Having spent way more time on this problem than I really should have, I'm going to make sure everyone can actually find a solution instead of useless WordPress support threads.
I wanted to export all the data from WordPress using its native export mechanism (located at http://YOURBLOG/wp-admin/export.php), but since the blog I was working on was pretty large (6k posts, 120k comments), I kept getting XML files that ended prematurely and for which xmllint spit out this error:
Premature end of data in tag channel
Upon closer inspection, I saw the XML file ended with a random, yet always fully closed, </item> tag, but was missing the closing </channel> and </rss> tags, as well as a whole …
One thing that's been continuously annoying me when doing WordPress development on the go is when something somewhere inside WordPress decides to send requests to external urls when I don't even have Internet connection or it's slow and flaky (tethering, slow Wi-Fi, etc). This results in random lag when loading pages, especially if I haven't opened my dev WordPress instance for a long time.
Turns out there's an easy and undocumented (other than in code) solution. To block external HTTP requests right in WordPress's core itself, open up wp-config.php and add WP_HTTP_BLOCK_EXTERNAL like so:
Whenever this variable is present, external requests will be ignored, unless you specify your own comma-separated whitelist …
Updated: August 27th, 2012
Today's snippet is tremendously helpful if you are using an XML-RPC WordPress interface to read and publish your articles and are running into 500 Server Error issues due to running out of memory, manifesting themselves in something like this error message: "Invalid Server Response – The response to the metaWeblog.newMediaObject method received from the weblog server was invalid".
For example, my regular PHP memory allocation is 32MB or so, but if I load up Windows Live Writer, my favorite publishing tool, and ask it to load 1000 of the latest blog posts, I will undoubtedly get a server error back.
One solution would be to increase the memory allocated to PHP to something higher, like 256MB, which is how …
Updated: February 2nd, 2011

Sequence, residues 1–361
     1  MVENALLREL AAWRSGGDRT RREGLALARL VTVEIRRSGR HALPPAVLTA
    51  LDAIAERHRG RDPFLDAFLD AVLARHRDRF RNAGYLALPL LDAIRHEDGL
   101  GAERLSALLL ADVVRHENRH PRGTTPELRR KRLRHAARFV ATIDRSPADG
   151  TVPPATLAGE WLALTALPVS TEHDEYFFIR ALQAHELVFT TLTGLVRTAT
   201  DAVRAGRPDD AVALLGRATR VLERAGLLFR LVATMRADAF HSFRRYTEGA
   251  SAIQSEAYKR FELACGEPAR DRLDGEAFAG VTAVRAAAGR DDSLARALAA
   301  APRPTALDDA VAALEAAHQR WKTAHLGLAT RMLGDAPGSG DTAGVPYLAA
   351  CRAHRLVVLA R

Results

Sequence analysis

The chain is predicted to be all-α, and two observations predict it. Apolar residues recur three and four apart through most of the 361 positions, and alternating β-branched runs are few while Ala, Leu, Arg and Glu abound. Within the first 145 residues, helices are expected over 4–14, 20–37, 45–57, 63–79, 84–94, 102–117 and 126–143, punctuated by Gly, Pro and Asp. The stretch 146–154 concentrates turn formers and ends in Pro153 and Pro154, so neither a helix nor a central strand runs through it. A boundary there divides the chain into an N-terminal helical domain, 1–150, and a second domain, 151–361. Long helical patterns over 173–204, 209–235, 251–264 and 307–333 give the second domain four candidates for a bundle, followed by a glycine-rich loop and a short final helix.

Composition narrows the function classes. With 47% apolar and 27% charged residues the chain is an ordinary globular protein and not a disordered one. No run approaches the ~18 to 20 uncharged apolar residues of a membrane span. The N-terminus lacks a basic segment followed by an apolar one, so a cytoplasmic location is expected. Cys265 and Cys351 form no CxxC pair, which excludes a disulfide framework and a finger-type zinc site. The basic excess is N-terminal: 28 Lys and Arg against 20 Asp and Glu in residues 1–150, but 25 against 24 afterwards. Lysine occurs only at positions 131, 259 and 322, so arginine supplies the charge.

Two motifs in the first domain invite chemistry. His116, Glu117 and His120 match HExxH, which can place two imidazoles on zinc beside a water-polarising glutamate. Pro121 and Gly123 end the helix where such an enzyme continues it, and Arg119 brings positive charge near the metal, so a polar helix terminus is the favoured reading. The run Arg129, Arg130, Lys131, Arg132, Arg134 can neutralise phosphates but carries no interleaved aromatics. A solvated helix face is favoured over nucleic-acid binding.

WordPress has a great way of letting you use simple text tags called shortcodes to provide a whole bunch of functionality, including custom PHP code. In this article, I'm assuming that you already know what shortcodes do and how they operate (if you don't, head over here: Shortcode_API).
One glaring omission in the way shortcodes are set up by default is that they only get triggered in the content of your post, leaving the sidebar and comments out. I'm sure this is done for security, so that your readers can't screw something up by posting shortcodes they're not supposed to – after all, shortcodes are PHP snippets on the backend.
However, let's assume you really know what you're doing …
Updated: September 16th, 2012
I've had MySQL on my Windows 7 laptop for a bit (as part of wampserver), mostly for local offline WordPress development.
However, even though MySQL is relatively stable, I've been observing a vast quantity of intermittent MySQL errors, as reported by WordPress in the PHP error log (C:\wamp\logs\php_error.log). Here are some examples:
[05-Jan-2010 09:47:51] WordPress database error Error on delete of 'C:\Windows\TEMP\#sql17e0_1a2_6.MYD' (Errcode: 13) for query SELECT t.*, tt.* FROM wp_terms AS t INNER JOIN wp_term_taxonomy AS tt ON tt.term_id = t.term_id INNER JOIN wp_term_relationships AS tr ON tr.term_taxonomy_id = tt.term_taxonomy_id WHERE tt.taxonomy IN ('category') AND tr.object_id IN (3) ORDER BY t.name ASC made by
Updated: September 16th, 2012
StackOverflow is an amazing site for coding questions. It was created by Joel Spolsky of joelonsoftware.com, Jeff Atwood of codinghorror.com, and some other incredibly smart guys who truly care about user experience. I have been a total fan of SO since it went mainstream and it's now a borderline addiction (you can see my StackOverflow badge on the right sidebar).
Update 6/21/09: This server is currently under very heavy load (10-200), even with caching plugins enabled. Please bear with me as I try to resolve the situation.
Feel free to bookmark this page and return to it later when the fires have been put out.
Update 06/21/09: I think I've got the situation …